In my book ‘Aitch: A Life in Colour’ I tell the story of Aitch Peters, who’s been my hair stylist for many years. Once we’d agreed on the project there were a number of decisions we had to make on how to work together to bring out Aitch’s colourful life stories in a way that would engage the reader as much as they’d engaged me. How would we recreate the salon conversations? What would the structure be? How would we get Aitch’s voice and sense of humour across? How would we verify the facts? How much involvement would Aitch himself have in the editing of the book?
Establishing structure and themes
At an early stage we agreed a working title of ‘Aitch: A Life in Colour’ and we sketched out the themes and key stories we wanted to tell. Although the actual structure didn’t crystallise until a little later, it became increasingly obvious as I captured the details of Aitch’s life, that we needed to find a literary vehicle to bring out the surprises and dramas in Aitch’s life, the connections between his history and his later success, and to weave together the themes in a way that left the reader wanting to know more.
As the book developed Aitch and I would meet up about every three weeks. I would set the agenda in terms of the periods of his life I wanted to explore, or the themes I wanted to develop. I would then ask Aitch probing questions that I had prepared, and I would capture his stories as he told them to me. At times I used a tape machine so that I could hear the nuance of his voice and pick up the phrases he uses most often when I came to write his stories. At other times I would listen attentively to him and write verbatim notes, focussing on key words and the detail of his colourful descriptions. I would often interrupt him to hear more of a particular experience, or to clarify what he was thinking, feeling or sensing at the time. It felt quite a laborious exercise at times, and frustrating for us both in different ways, but once the stories started to take shape the project took on its own rhythm, and we both looked forward to the next session together.
Writing the narrative
I learnt to discipline myself to type up my notes from the interviews within 48 hours and then I would start to cluster the stories into chapters and to develop each one into a conversation at the hair salon within the context of my regular haircut. There was inevitably a degree of poetic licence, but in the main the book replicated my own experience of hearing Aitch’s stories in a series of short encounters that always left me wondering what I would hear at the next haircut. As the material was developed I was able to shape each chapter with an unusual and arresting beginning, followed by a lively conversation, and ending with a hint of laughter and intrigue. I also decided to keep the answer to one mystery – the origin of Aitch’s name – until the very last chapter.
Writing any book is an iterative process, and writing a biography is no different. I would work on a couple of chapters at a time and then edit them myself in the first instance. At significant points I would leave the draft manuscript with Aitch for him to read for himself. He would mark up any sections that he felt didn’t quite ring true, or to which he wanted to add or embellish detail. Thankfully he didn’t attempt to edit the text on a word by word basis and this helped to keep the integrity of the manuscript intact.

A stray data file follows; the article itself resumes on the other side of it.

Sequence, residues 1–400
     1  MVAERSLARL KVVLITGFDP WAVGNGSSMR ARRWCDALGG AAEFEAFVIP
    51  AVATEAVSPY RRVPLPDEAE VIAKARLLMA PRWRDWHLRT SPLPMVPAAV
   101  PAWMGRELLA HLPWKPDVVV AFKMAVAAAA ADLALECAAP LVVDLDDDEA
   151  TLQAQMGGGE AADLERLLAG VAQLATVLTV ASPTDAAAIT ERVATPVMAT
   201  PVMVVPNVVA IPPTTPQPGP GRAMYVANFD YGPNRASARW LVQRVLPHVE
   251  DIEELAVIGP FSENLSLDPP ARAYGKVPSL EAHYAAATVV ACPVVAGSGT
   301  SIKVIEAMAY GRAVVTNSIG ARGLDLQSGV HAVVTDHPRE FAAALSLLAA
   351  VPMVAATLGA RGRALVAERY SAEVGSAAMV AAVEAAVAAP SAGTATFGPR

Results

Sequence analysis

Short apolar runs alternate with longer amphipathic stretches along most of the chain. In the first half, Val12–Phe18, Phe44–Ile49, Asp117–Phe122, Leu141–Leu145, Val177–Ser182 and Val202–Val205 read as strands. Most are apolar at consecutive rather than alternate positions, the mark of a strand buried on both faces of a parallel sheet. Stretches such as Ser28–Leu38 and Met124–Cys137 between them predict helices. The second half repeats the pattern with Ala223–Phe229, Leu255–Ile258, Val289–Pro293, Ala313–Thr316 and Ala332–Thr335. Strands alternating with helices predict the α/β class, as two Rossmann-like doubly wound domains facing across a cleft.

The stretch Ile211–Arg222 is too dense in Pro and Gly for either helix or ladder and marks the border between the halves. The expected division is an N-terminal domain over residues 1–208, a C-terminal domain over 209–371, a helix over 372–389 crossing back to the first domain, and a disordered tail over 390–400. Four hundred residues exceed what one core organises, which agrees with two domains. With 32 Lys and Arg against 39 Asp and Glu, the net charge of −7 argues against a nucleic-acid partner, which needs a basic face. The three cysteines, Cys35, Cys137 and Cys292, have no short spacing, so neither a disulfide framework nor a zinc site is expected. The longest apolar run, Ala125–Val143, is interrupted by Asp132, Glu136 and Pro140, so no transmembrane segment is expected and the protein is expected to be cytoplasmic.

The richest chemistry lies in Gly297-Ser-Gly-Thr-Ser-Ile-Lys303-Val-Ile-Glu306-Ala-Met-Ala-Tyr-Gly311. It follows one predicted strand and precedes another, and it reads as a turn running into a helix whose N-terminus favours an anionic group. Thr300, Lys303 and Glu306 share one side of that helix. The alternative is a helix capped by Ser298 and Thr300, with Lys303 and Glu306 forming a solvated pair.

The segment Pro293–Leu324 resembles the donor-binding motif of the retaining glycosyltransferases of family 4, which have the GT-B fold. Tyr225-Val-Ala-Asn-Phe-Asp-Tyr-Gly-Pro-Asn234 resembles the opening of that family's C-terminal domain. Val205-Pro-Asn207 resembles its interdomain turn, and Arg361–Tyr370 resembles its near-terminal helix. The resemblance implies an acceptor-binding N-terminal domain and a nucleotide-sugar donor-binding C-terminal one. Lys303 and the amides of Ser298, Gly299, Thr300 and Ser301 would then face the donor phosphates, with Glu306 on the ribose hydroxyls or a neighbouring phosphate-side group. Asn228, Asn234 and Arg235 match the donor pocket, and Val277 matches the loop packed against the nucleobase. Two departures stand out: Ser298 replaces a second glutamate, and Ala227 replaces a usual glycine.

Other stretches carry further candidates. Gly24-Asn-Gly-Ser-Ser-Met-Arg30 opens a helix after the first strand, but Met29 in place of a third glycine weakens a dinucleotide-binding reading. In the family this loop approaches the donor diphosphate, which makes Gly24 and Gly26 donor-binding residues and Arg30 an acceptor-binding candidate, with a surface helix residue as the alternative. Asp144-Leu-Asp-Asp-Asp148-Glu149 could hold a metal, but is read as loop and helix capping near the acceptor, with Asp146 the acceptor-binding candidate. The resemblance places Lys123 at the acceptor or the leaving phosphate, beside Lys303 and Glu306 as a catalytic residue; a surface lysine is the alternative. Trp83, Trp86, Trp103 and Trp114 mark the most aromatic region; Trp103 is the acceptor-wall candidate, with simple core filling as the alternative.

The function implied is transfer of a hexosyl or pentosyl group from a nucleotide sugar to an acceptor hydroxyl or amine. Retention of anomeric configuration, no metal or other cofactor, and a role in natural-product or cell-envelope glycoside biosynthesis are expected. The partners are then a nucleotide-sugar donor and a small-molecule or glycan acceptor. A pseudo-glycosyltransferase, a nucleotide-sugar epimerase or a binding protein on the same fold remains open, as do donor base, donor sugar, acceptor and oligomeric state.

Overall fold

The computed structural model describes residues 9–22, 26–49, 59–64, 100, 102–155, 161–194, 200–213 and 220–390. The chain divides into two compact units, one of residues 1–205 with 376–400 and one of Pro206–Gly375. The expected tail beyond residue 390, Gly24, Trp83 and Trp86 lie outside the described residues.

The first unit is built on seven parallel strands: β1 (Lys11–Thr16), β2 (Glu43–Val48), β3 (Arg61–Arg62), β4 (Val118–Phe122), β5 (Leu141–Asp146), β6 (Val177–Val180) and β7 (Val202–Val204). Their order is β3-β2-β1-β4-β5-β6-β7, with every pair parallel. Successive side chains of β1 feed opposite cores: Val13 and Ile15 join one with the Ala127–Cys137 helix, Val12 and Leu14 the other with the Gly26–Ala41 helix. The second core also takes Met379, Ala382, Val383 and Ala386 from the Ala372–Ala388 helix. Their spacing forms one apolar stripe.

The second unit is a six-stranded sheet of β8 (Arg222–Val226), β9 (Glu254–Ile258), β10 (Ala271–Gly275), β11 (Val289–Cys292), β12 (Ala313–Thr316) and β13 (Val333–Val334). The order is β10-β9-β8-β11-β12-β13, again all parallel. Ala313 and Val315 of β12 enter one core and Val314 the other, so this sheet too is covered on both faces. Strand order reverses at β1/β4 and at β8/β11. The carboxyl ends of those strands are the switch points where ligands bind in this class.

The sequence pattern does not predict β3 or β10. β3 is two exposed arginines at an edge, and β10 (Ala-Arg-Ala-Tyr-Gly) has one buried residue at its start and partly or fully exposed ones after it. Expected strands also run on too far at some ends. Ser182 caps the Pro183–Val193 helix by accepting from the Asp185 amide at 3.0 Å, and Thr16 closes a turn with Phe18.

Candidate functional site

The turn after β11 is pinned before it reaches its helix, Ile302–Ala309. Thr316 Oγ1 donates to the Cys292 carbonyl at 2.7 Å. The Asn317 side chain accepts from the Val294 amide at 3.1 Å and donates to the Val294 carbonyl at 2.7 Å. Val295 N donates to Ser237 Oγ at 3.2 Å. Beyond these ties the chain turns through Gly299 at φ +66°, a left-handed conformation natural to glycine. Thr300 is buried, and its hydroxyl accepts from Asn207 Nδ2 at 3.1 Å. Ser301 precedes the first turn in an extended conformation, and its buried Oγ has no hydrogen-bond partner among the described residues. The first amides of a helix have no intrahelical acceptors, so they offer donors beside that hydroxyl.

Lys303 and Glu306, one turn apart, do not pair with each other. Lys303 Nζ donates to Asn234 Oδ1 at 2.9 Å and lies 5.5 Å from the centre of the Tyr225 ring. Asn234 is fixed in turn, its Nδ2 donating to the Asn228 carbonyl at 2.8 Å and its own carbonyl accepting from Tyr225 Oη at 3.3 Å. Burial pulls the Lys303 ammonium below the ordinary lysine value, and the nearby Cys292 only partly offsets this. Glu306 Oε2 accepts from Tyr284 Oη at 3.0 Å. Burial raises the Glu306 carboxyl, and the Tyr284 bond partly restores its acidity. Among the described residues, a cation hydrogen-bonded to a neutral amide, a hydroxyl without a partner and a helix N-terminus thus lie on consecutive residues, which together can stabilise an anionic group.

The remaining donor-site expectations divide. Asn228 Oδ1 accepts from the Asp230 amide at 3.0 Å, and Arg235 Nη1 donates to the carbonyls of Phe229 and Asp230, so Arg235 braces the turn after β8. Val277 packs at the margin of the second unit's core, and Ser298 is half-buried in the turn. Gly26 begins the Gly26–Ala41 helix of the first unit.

Part way through the writing of the book I submitted the manuscript to an editor for a critical evaluation. This proved to be a very useful exercise and gave me lots of constructive feedback. In particular the editor felt that my depiction of Aitch was too gushing. This prompted me to tone down some of the language and to insist on more stories that revealed his darker side. I was open with Aitch throughout and this quickly built trust between us. So despite the fact that Aitch didn’t read every word I had written until the very end of the process, we both knew that I would faithfully recount his stories and that I would bring his colourful personality to life.
The power of collaboration
At the end of the day writing a biography is a collaborative project. The subject relies on the writing skills of their biographer to record and tell their story in an honest and engaging manner. The biographer relies on the subject of the book to be open and forthcoming, to help verify facts, and to work with the writer to create a book that will be well received. The relationship is founded on trust and mutual respect for the different skills and contribution that each brings to the project. I recognised for example that Aitch has a much better visual eye than I do, and so I left it largely up to him to design the cover of the book. In the same vein he was more than happy to leave the copy editing and proof-reading to me.
You don’t need to become best friends when you write someone’s biography – in fact it’s probably better you don’t – but you do need to play to each other’s strengths and agree on what you want to achieve together. Ultimately it can be great fun.
Key lessons learnt
- Agree upfront what you want to achieve with the book.
- Take your time to scope out the structure and flow of the story.
- Capture detail through questioning and listening techniques.
- Allow the subject to comment and offer suggestions as you go along.
- Retain a master version of the manuscript following each iteration.
- Utilise the best story-telling techniques throughout.
- Play to each other’s strengths and be honest with each other.
Jill King, January 2014